In a 2016 article, “Propaganda war: weaponising the internet”, Ressa wrote that Rappler had talked to people who run fake accounts and websites, and found that a team of three people could earn R1.3-million a month from the advertising that their fake stories attracted because they got so much traffic.
Despite the charges and online onslaught, Rappler has kept doing its journalism. Glenda Gloria, one of its founders and the managing editor, said: “If there’s anything that 2018 has proven, it is that he [Duterte] tried to bring down Rappler and he failed big time.”
Part of the survival has been because of the international attention Rappler’s case has received. Ressa was on the cover of Time as part of its Person of the Year award, given last year to journalists working in difficult conditions.
The United States plays a big role in the Philippines. Duterte and President Donald Trump have said that they enjoy a good relationship (one of the episodes when Rappler was targeted online was after it published leaked transcripts of a phone call between the two).
But the publication has done its own work in lobbying American politicians to be vocal in support of freedom of the press in the Philippines.
The other part of that survival has been a core readership that pays to support Rappler. As a rule of thumb, new publications in the Philippines have taken up to a decade of losses before they become profitable. For Rappler, this took four years.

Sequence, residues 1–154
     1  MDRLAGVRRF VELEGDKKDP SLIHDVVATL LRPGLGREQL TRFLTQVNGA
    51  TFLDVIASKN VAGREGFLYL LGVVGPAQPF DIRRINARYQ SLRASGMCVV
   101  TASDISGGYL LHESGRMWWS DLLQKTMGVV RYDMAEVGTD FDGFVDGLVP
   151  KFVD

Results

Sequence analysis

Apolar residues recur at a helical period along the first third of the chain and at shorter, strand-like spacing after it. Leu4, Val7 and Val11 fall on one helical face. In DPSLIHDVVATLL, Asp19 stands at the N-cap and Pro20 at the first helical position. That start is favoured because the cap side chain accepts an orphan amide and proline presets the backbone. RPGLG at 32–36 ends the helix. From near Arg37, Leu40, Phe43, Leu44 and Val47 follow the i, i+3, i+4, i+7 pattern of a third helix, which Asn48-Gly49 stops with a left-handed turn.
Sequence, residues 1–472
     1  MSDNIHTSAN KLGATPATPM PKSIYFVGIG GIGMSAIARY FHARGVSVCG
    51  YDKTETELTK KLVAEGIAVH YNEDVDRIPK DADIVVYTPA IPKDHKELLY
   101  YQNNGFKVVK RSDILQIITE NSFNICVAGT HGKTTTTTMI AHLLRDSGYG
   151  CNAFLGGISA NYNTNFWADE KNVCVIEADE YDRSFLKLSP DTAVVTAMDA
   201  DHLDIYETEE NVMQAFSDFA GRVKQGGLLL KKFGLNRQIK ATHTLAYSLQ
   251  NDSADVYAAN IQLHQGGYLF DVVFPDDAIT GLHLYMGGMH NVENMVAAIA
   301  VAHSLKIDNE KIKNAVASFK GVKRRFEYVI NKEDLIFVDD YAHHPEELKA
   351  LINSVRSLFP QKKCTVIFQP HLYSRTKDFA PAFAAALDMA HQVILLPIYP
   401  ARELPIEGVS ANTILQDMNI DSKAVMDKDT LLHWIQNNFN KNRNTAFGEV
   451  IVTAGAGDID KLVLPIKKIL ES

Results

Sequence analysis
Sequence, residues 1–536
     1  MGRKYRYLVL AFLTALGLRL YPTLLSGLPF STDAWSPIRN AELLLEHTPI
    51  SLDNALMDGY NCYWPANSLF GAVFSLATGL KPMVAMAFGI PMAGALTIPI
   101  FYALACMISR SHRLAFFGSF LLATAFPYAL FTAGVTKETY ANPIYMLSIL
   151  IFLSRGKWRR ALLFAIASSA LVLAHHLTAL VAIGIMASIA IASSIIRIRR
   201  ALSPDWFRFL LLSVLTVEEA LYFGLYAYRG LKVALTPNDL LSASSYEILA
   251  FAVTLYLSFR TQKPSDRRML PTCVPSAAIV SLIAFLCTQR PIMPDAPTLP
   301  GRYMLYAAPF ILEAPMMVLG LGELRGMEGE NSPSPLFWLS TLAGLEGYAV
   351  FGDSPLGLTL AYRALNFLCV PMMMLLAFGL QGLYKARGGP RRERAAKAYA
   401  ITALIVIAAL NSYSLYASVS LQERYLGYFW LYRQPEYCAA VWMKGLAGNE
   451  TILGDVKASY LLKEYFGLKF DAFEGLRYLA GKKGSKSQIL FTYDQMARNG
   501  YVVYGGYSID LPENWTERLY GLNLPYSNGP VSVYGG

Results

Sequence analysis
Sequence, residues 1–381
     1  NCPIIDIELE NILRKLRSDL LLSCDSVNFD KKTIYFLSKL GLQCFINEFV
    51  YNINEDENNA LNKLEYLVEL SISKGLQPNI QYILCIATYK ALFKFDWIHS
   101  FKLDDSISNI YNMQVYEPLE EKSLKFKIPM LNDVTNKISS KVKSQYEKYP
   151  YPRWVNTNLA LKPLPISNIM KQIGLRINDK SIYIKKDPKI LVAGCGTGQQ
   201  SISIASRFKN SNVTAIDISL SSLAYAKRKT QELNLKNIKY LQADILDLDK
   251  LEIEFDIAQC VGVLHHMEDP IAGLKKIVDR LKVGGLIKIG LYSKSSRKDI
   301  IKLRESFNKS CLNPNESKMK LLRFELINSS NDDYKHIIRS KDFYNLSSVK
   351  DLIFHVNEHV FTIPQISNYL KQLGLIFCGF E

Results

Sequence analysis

Gloria said: “We wanted to give independent media a chance. We wanted to show that good journalism is actually good business.”
The attacks on the publication and its credibility have taken a toll, however, and its core readership is swaying. Pia Ranada, Rappler’s presidential correspondent, said: “A lot of hardcore supporters are already swayed.”
This is an additional concern on top of the reality that her publication could lose court cases and be shut.
But Ranada said the need to keep reporting on the president keeps her going into the office each day.
A late-riser, Duterte tends to hold press conferences and do things late at night, forcing the Rappler newsroom to work all hours. On Tuesday, they will take a moment to stop and celebrate their improbable and hard-fought survival.
Rappler and other publications have managed to get funding using an investment tool called a Philippine depositary receipt. This loophole allows foreigners to invest money, in return for profit share, but without getting a seat on the board, or a share in the company.
Rappler got money in this way from the venture capital firms Omidyar Network, based in the United States, and North Base Media Ltd, based in the Cayman Islands. But the Securities and Exchange Commission voided the depositary receipt that had been given for Omidyar’s money. It has the power to do this because the receipt is open to different interpretations on how it is used. This automatically revoked Rappler’s certificate of incorporation, with the doors only staying open because it could challenge this decision.
Omidyar has since donated its depositary receipt to Rappler staff.
The November 2018 arrest warrant for Rappler editor Maria Ressa was based on three counts of failure to file tax returns, and one count of tax evasion. Rappler has denied the charges. If she is convicted, she could face up to 10 years in prison. — Sipho Kings